A friend of mine suggested that if the feds assemble a Muslim registry, everyone should register. The feds would not know who is Muslim and who is not. I replied, “No one volunteers to be on the no-fly list: how you get on that list is a secret. How you get on the Muslim registry would be a secret, too.”
I thought later, government doesn’t keep secrets that well. It thinks it does, but a great deal of so-called confidential information winds up in the public domain, however hard government agencies try to conceal it. The same might hold for various secret lists government likes to keep. The lists are secret in three respects:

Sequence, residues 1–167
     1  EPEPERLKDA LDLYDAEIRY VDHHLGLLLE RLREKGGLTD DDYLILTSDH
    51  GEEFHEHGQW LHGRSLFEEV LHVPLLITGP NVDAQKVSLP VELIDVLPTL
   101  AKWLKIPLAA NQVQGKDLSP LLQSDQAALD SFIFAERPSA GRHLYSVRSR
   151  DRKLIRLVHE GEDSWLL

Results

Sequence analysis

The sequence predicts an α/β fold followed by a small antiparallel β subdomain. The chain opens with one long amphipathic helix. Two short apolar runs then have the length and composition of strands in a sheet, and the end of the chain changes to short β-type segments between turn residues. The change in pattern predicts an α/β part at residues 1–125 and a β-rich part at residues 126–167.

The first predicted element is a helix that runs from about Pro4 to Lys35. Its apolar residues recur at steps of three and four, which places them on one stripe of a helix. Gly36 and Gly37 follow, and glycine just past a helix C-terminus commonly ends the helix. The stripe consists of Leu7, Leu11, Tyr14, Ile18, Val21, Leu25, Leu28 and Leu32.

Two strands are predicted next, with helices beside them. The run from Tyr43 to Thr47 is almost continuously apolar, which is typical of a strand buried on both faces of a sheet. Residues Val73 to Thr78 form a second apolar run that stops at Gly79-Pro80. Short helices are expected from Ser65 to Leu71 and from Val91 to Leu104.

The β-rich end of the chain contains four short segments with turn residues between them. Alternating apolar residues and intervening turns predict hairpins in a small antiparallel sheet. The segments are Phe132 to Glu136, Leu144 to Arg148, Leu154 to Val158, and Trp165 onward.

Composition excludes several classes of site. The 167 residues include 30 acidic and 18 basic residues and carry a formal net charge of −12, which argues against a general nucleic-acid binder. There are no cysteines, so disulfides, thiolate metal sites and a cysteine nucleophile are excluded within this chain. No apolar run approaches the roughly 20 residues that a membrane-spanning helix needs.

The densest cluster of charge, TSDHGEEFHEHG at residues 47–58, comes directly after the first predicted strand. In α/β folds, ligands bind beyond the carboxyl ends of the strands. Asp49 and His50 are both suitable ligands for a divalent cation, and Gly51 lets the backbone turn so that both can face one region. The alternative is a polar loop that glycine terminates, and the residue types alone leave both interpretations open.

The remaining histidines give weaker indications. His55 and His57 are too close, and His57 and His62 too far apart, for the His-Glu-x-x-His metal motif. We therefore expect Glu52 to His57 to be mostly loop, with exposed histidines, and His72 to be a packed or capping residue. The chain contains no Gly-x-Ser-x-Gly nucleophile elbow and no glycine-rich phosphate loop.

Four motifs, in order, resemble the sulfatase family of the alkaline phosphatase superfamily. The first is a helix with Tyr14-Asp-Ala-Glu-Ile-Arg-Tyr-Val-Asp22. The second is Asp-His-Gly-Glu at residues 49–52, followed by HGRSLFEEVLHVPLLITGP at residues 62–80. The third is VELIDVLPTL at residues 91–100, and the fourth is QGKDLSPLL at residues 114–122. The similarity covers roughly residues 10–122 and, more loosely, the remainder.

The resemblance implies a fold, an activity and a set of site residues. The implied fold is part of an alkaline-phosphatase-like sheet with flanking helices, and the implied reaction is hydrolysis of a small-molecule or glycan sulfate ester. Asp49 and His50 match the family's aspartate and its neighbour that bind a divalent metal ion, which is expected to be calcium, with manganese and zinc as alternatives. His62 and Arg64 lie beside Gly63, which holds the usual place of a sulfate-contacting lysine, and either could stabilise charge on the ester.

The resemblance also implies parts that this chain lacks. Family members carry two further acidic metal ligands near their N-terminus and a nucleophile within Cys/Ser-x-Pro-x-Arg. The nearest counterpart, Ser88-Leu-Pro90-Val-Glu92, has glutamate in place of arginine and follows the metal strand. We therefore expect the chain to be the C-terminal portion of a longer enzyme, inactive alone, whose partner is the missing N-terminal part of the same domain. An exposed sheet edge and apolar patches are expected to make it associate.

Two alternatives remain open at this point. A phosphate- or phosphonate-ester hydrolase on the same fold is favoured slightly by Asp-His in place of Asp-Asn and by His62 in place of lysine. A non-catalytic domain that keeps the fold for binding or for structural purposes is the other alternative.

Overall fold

- How the feds compile them.
- Whose names the lists contain.
- How the feds use the lists.
If we can figure out how to hack federal watch lists – that is, dispel the secrecy that surrounds them – we can start to make them useless. When everyone wears a bowler hat, as in The Thomas Crown Affair‘s museum surveillance video, you can’t track anyone. Flood Big Brother’s field of vision with worthless information.